Manual transmissions continue to hold a strong appeal for a certain subset of car owners. These car owners cite a greater sense of control and better gas mileage as two appealing features of a manual transmission. Of course, along with such benefits, manual transmissions bring their own set of potential problems as well.
Fortunately, you can catch many such problems before they grow too severe by educating yourself about the parts of your manual clutch system. One of the most important — and most overlooked — manual transmission components goes by the name of the throwout bearing. This article outlines two key things to know about your clutch's throwout bearing.
1. Throwout Bearings Transfer Pressure
The clutch pedal allows you to temporarily disengage your engine from your transmission in order to shift from one gear to another. This seemingly simple task requires the close coordination of many different components. Each component plays a key role in transforming the pressure your foot exerts on the clutch pedal into physical movement within the clutch.
Key clutch components include the flywheel, the clutch disk, the pressure plate, and the throwout bearing. The last of these components — the throwout bearing — lies at the proverbial heart of your clutch system. There it transfers pressure from the clutch pedal, allowing the transmission to successfully break its contact with the engine.
When you depress your clutch pedal, the throwout bearing physically advances toward the flywheel. This movement creates contact with the release fingers of the pressure plate. This contact, in turn, causes the pressure plate to move away from the clutch disk and thus interrupt the flow of power.
When you release the clutch pedal, the throwout bearing retreats from the release fingers. This reterat allows the clutch disk flywheel to come into contact. Power can once again flow from engine to transmission.
2. Riding Your Clutch Wears Down the Throwout Bearing
Most people who drive manual cars have been warned at some point about the perils of riding the clutch — that is, keeping the clutch pedal pressed down even when not actively changing gears. Many write off such warnings as having little to no practical bearing on the health of their car. Unfortunately, this attitude can lead to premature failure of your throwout bearing.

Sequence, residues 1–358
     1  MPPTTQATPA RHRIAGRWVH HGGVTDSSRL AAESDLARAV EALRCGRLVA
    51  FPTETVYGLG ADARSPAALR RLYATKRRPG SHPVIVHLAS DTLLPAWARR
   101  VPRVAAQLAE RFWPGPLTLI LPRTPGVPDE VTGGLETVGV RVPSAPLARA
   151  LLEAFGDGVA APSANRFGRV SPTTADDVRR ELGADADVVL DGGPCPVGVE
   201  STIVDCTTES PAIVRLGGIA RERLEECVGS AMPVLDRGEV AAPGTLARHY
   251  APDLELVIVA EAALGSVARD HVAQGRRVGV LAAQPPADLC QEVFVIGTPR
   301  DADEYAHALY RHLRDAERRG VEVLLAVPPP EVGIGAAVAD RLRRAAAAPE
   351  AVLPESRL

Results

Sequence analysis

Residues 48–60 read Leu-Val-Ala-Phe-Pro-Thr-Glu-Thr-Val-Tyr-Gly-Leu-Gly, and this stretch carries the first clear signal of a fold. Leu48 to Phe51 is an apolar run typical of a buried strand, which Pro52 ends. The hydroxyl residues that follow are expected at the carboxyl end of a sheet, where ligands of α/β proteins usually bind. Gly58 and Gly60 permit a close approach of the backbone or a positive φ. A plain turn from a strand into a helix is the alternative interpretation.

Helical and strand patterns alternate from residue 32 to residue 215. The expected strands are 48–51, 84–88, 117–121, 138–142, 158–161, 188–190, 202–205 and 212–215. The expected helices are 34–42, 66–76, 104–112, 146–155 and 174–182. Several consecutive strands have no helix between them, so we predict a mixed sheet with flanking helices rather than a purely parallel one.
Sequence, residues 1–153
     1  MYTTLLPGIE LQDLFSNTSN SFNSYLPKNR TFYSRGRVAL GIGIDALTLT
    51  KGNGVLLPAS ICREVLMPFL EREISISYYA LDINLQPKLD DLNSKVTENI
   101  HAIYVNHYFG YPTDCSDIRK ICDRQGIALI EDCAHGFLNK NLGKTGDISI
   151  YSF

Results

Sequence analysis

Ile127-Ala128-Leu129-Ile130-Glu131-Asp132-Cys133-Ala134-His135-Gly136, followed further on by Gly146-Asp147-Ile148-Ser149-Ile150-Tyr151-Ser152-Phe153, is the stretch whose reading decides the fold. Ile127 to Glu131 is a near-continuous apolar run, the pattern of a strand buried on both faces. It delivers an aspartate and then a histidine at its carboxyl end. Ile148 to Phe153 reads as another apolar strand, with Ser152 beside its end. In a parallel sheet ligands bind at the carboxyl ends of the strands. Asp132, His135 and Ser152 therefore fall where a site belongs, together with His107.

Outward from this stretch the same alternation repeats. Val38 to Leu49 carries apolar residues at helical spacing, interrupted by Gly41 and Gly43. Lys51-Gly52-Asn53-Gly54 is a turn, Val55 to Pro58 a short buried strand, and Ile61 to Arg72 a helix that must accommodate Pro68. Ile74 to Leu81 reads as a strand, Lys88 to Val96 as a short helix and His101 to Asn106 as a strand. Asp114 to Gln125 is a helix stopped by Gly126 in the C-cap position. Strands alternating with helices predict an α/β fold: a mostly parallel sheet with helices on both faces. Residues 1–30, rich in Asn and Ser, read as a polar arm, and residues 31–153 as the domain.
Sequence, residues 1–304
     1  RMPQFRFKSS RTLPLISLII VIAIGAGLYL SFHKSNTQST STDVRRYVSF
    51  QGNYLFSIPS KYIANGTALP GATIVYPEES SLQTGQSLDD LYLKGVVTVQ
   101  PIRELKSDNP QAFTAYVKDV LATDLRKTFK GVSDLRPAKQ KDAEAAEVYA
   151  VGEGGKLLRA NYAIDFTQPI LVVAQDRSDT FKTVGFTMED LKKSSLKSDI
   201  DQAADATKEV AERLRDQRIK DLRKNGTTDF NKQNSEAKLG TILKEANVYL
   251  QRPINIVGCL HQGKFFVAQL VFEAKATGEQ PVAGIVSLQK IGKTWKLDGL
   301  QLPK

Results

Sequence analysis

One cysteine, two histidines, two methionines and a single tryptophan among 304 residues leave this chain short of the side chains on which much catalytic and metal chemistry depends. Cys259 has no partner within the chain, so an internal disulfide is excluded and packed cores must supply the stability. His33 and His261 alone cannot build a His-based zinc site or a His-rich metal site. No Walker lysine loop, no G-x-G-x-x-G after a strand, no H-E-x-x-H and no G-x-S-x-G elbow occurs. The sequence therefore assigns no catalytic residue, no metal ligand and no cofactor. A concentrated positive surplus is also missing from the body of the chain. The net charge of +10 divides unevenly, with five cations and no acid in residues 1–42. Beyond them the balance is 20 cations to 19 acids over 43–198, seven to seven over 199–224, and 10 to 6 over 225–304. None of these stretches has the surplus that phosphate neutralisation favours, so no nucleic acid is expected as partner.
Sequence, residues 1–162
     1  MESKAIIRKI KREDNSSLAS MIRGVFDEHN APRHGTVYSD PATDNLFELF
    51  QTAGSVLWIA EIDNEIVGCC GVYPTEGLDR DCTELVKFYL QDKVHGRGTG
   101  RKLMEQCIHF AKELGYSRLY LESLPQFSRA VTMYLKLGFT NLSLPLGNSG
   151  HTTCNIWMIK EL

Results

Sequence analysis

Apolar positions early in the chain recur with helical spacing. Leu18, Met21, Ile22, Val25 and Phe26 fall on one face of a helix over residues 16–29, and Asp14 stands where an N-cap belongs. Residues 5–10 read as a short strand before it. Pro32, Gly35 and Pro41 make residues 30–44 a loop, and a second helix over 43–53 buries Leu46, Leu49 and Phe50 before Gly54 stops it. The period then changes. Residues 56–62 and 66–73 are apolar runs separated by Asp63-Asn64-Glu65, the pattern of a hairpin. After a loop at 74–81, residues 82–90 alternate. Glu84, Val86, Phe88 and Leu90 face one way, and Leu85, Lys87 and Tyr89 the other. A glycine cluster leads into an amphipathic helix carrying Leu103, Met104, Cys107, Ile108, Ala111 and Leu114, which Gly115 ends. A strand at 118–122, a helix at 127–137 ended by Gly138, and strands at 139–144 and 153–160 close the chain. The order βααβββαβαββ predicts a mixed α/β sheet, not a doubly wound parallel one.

As explained above, depressing your clutch pedal causes the throwout bearing to come into contact with the pressure plate — and specifically with the pressure plate's release fingers. This contact causes the throwout bearing to rotate at the same speed as the transmission. Over time, such rotation causes wear on the surface of the bearing, causing it to become rough and abraded.
Eventually, such movement will wear down the throwout bearing to the point that it can no longer accomplish its given task. The more time you spend with your foot on the clutch, the more quickly this process will happen. As the wear grows greater, the throwout bearing will begin to give off unusual whirring, grinding, and/or whining sounds when you press down your clutch.
The location of a throwout bearing makes it difficult to replace without dismantling your entire clutch assembly. For this reason, drivers should make a point not to ride the clutch excessively. Responsible clutch use will help to prolong the life span of your throwout bearing.
Anybody who owns a car with a manual transmission can benefit from a more thorough knowledge of its internal components. If you believe your transmission needs a new throwout bearing, consider saving money by purchasing a used replacement. For more information, please contact the used-auto-part pros at John's Famous Auto Parts.